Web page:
Second, since complex systems involve numerous interacting elements, outcomes are not purely the result of the interactions between two actors but also with interactions with others in the system. Brian Copes noted how the contractors eventually hired to operate in Afghanistan “had to pay off [insurgent group] HIG (Hezb-e Islami Gulbuddin) or to [the] mob to not disrupt projects” and “that is why there was shoddy work and construction.”[62] Meanwhile, Thomas Johnson described how U.S. personnel were “used by the tribes.”[63] According to Johnson, some tribes would report their traditional tribal enemies as Taliban so that the U.S. military would take them to Gitmo. Johnson recognized how the U.S. would “lose [the support of a] village forever” if such an abduction or the accidental killing of an innocent child or woman occurred at the hands of U.S. personnel.

Finally, complex systems are not linear or additive, which means outcomes are not the result of simple summation of individual elements within the system. Therefore, simply adding more resources or effort in planning is no guarantee of obtaining the desired goal. Many SIGAR lessons learned interviewees described the U.S. approach towards nation-building in Afghanistan as simply throwing money and personnel at problems. One U.S. Special Forces advisor recounted the prevailing mentality as “if we throw enough people at it, it’s somehow going to get done.”[64] Ashraf Ghani reportedly said that “the Afghan capacity to absorb money was $2 billion a year, max” and that “everything else was wasted money.”[65] Nevertheless, a former National Security Council staffer reported that “by 2007 the money was flowing fast and furious. We were in crisis management mode and we were dumping more money into the country than it could possibly absorb.”[66] Likening the U.S. approach towards spending in Afghanistan to pouring water down a funnel, David Marsden said the “massive amounts of people and money going into Afghanistan” amounted to pouring water too fast into the funnel and “flooding the ground.”[67] To Marsden, the idea that “more money and more people can accomplish things faster … couldn’t apply in Afghanistan,” with the “overflow of money” enabling “corruption.”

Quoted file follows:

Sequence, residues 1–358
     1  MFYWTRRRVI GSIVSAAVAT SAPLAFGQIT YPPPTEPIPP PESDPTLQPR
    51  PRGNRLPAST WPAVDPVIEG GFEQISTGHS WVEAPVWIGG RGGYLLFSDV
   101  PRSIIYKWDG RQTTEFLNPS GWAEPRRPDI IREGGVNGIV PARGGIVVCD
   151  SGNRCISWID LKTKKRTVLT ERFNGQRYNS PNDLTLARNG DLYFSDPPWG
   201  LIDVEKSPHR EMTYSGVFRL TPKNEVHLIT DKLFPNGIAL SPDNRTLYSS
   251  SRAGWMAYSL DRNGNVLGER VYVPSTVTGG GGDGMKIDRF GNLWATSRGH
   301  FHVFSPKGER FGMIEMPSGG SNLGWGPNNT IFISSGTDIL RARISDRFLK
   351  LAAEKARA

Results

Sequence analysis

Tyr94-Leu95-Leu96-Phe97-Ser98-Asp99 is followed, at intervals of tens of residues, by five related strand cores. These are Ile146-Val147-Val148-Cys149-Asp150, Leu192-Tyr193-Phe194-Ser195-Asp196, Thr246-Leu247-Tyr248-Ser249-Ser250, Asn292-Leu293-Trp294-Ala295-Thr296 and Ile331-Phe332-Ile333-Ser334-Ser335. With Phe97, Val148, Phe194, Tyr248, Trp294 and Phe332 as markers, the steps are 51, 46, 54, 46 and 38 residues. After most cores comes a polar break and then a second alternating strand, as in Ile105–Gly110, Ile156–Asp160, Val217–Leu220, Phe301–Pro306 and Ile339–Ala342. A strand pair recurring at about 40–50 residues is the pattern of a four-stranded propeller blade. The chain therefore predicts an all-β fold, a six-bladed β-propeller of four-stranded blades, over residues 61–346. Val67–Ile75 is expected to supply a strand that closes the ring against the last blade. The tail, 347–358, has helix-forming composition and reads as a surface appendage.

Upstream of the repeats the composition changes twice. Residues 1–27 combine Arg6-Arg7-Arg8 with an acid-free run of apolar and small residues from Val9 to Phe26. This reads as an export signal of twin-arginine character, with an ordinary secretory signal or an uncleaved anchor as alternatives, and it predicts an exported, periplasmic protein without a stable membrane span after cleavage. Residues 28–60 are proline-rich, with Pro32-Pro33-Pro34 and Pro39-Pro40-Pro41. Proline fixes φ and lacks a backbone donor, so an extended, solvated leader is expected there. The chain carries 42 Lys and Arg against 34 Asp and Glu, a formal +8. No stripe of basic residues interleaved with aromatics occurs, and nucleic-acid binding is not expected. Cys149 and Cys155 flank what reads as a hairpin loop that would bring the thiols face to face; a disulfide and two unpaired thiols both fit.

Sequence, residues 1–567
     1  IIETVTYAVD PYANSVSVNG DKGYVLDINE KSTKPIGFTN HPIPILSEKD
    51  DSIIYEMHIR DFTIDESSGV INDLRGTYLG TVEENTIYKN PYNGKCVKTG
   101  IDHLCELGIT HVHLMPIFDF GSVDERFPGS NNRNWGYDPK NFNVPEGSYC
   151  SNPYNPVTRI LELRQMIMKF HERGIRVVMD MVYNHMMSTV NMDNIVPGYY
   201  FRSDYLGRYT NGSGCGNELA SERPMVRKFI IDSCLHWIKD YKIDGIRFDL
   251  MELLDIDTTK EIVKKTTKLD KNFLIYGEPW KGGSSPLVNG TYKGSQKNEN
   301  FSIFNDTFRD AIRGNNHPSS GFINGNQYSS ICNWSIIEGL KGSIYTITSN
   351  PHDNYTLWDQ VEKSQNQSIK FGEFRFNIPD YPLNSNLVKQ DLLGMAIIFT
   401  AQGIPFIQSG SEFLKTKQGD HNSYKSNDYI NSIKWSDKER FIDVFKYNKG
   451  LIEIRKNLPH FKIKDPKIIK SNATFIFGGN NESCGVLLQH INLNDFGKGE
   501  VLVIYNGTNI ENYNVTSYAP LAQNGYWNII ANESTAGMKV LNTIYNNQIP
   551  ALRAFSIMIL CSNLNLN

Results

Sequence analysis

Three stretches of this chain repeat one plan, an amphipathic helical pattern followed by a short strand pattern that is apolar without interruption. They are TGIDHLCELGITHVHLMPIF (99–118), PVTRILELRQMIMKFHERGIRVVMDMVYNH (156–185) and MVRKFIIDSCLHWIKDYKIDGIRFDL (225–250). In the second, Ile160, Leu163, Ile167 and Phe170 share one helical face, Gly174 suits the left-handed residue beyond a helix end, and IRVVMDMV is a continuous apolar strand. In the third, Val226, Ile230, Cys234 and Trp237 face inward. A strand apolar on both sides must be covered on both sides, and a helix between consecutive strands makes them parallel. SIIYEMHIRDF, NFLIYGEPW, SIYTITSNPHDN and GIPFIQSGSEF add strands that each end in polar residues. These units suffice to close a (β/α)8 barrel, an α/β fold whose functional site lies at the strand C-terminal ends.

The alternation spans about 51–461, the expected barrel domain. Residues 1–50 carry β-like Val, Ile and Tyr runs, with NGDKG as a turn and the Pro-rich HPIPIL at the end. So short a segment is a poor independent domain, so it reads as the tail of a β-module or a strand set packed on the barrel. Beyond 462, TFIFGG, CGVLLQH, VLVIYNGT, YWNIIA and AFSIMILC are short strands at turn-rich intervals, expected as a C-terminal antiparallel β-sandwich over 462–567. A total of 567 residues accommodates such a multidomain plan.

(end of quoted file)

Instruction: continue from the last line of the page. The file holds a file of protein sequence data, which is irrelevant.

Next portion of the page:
4.1 Corruption

A number of Afghanistan Papers interviewees report how the intervention in Afghanistan facilitated the creation of a complex system of kleptocracy alongside daily instances of fraud and corruption at all levels of society. In describing the state of mind of Afghans in the south, Thomas Johnson recalled how “we just let [them] rip us off, and I really don’t know why. … [they] got into this whole mind set that … the American’s are here basically to … feed our pockets.”[68] Gert Berthold, former forensic operations program manager for an anti-corruption task force in Afghanistan, described a “pretty simple” dynamic by which agencies would give Afghans the fuel they ask for and “then lose visibility” before “Afghans would then ask for more.”[69] A former senior U.N. official described a scam where Afghans “would get trained for two weeks, get their uniforms, then go back to the province and sell them. They would then come back to do it again.”[70]

Michael Flynn vividly described one story he became aware of involving an interpreter who became rich by lying to military commanders and pocketing extra money:[71]